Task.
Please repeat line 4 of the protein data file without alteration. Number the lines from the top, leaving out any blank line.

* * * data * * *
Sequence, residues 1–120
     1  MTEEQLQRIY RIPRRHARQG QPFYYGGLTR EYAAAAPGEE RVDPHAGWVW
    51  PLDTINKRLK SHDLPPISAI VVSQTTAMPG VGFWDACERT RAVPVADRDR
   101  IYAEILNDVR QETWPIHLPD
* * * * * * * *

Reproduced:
   101  IYAEILNDVR QETWPIHLPD